Temple of Literature – Vietnam’s first university

Temple of Literature – Vietnam’s first university

Meta description Want to explore the traditional architecture and culture of Vietnam? Then, put Temple of Literature on your must-visit list when travelling to Hanoi.
Description Not only a cultural heritage with almost 1,000 years of history, Temple of Literature, the first university of Vietnam, is also one of the most picturesque tourist attractions in Hanoi with its traditional architecture imprints & lush green landscape. 

Location, Opening hours & Tickets

    • Address: 58 Quoc Tu Giam, Van Mieu, Dong Da district
  • Opening hours: 8.00 – 17.00 daily
  • Ticket prices:
      • Adults: VND 30.000/ ticket
      • Students, disabled people, Vietnamese older citizens (above 60 years old): VND 15.000/ ticket
      • Children under 15 years old, veterans, heavily disabled people : Free
  • Get direction


History

Built-in 1070 under the reign of  King Ly Thanh Tong, the Temple of Literature in Hanoi is a place to worship Confucius – a predominant philosophy in Vietnam in feudal times & to honor the passion for learning.

Six years later in 1076, Quoc Tu Giam – Imperial Academy (located beside the Temple of Literature) was established by King Ly Nhan Tong. It was the first university in Vietnam. During this time, it was only dedicated to the king’s children & nobles, and aristocratic families. 

Then, King Tran Thai Tong renamed Quoc Tu Giam into National Academy and accepted commoners’ children with excellent academic abilities into the school.

In the post-Le period, stone steles were built for those who passed the doctoral exam under the reign of King Le Thanh Tong. 

In 1802, the Nguyễn dynasty’s monarchs established a new imperial academy in Hue, the new capital of the country. The academy at the Hanoi temple lost its prominence and became a school of the Hoài Đức District.

 Architecture

Not only ranked as one of Hanoi’s most important cultural places, Van Mieu – Quoc Tu Giam is also a superb example of traditional-style Vietnamese architecture.

The temple is divided into five courtyards, each with its own significance and history. The first courtyard stretches from the main gate to Dai Trung gate. The second stands out with Khue Van Cac pavilion. If you notice well, you will find the pavilion symbol on all street signs of Hanoi.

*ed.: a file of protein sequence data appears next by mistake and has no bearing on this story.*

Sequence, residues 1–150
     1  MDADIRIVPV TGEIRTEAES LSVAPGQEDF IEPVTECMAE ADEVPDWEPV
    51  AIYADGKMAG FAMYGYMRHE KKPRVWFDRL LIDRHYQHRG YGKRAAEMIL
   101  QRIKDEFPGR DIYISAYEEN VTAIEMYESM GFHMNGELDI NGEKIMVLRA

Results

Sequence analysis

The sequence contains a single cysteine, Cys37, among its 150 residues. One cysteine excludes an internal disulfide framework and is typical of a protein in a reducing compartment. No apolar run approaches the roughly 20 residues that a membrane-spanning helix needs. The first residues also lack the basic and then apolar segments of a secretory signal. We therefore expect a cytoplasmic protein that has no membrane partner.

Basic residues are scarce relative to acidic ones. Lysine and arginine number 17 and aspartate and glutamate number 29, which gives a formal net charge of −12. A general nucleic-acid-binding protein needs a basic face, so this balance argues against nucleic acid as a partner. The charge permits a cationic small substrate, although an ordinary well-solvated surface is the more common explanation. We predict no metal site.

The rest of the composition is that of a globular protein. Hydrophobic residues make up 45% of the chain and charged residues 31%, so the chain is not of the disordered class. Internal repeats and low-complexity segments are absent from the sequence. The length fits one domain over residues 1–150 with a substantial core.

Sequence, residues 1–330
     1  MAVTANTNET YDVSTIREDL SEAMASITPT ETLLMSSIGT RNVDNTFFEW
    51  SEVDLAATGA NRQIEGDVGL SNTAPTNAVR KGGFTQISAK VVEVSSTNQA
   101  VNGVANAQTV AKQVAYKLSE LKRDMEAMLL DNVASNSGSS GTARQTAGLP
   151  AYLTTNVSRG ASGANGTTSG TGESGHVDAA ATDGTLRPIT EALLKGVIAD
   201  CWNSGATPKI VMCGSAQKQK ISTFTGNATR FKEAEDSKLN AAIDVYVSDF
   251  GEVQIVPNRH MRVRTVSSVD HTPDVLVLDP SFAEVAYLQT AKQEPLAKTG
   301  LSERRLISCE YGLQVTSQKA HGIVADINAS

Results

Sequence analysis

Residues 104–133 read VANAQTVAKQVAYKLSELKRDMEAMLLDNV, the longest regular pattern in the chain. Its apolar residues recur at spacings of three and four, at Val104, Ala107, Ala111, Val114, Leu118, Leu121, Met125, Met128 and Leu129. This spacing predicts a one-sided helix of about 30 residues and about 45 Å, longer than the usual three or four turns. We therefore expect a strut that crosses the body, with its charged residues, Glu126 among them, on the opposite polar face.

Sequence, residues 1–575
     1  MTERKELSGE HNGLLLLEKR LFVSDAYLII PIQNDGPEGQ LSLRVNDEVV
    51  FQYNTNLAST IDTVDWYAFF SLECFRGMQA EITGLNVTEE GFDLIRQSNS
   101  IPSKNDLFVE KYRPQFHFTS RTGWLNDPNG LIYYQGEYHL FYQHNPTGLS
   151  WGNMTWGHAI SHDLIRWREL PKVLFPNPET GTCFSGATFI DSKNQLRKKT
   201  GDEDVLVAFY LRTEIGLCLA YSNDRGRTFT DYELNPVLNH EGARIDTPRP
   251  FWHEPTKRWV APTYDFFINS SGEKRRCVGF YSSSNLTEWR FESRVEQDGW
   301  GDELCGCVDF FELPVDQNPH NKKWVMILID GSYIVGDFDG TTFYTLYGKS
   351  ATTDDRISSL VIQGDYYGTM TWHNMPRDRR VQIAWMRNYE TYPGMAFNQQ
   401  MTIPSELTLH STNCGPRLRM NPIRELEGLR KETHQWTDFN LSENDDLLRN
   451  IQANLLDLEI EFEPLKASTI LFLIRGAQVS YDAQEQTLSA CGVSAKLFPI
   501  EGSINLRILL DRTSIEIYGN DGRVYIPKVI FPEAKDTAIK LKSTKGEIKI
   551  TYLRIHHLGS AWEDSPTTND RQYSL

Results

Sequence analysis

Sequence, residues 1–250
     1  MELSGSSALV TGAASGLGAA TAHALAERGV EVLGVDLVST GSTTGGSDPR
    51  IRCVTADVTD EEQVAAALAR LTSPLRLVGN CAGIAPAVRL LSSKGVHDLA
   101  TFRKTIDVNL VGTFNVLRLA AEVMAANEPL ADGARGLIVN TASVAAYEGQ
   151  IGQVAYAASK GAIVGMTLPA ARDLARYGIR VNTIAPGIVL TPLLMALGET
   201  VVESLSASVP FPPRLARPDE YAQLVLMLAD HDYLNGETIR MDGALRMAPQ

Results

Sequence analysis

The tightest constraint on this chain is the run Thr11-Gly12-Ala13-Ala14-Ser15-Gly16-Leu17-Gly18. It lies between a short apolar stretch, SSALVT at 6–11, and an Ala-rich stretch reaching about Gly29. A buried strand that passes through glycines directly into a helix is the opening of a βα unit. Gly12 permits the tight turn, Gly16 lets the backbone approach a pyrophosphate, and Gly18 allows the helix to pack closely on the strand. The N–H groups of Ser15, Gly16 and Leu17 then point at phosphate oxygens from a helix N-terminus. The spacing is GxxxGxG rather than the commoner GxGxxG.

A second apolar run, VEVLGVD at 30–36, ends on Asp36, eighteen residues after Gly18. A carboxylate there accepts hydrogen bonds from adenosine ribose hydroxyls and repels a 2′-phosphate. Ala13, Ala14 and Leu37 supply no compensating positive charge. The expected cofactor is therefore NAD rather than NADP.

The third courtyard – Thien Quang Well is where doctor names were listed on a tombstone above tortoise backs. There are a total of 82 tombstones, with names and origins of 1307 doctors, corresponding to 82 examination courses from 1442 to 1779. On March 9, 2010, the United Nations Organization for Education, Scientific and Culture (UNESCO) officially recognized 82 turtle steles in a list of world’s documentary heritage. 

If you visit the temple at the beginning of the year or in May when many vital examinations take place, you will catch sight of numerous students who come and rub the tortoise’s head. Such an act is believed to bring them luck to pass the test.

The fourth courtyard – Dai Thanh Gate is dedicated for Confucius and his 72 honored students, as well as Chu Van An- a well-known teacher in Vietnam. This is also where local authorities choose to cherish brilliant students in Hanoi, like those with top entrance results to university or top graduation outcomes. 

The last and also furthest courtyard is Thai Hoc house, which used to be Quoc Tu Giam- the first university in Vietnam. Thai Hoc households a small collection of old-time costumes for students and mandarins, as well as explaining the process of taking and passing the national examination.

Dos & Don’ts when visiting the Temple of Literature

  • Prepare cash to buy tickets as they don’t accept credit cards
  • Dress properly & politely when visiting the sanctuary
  • You shouldn’t take photos directly to the gods
  • Don’t talk loudly when in the sanctuary

https://www.conicaltravel.com/guide-to-temple-of-literature-in-hanoi/

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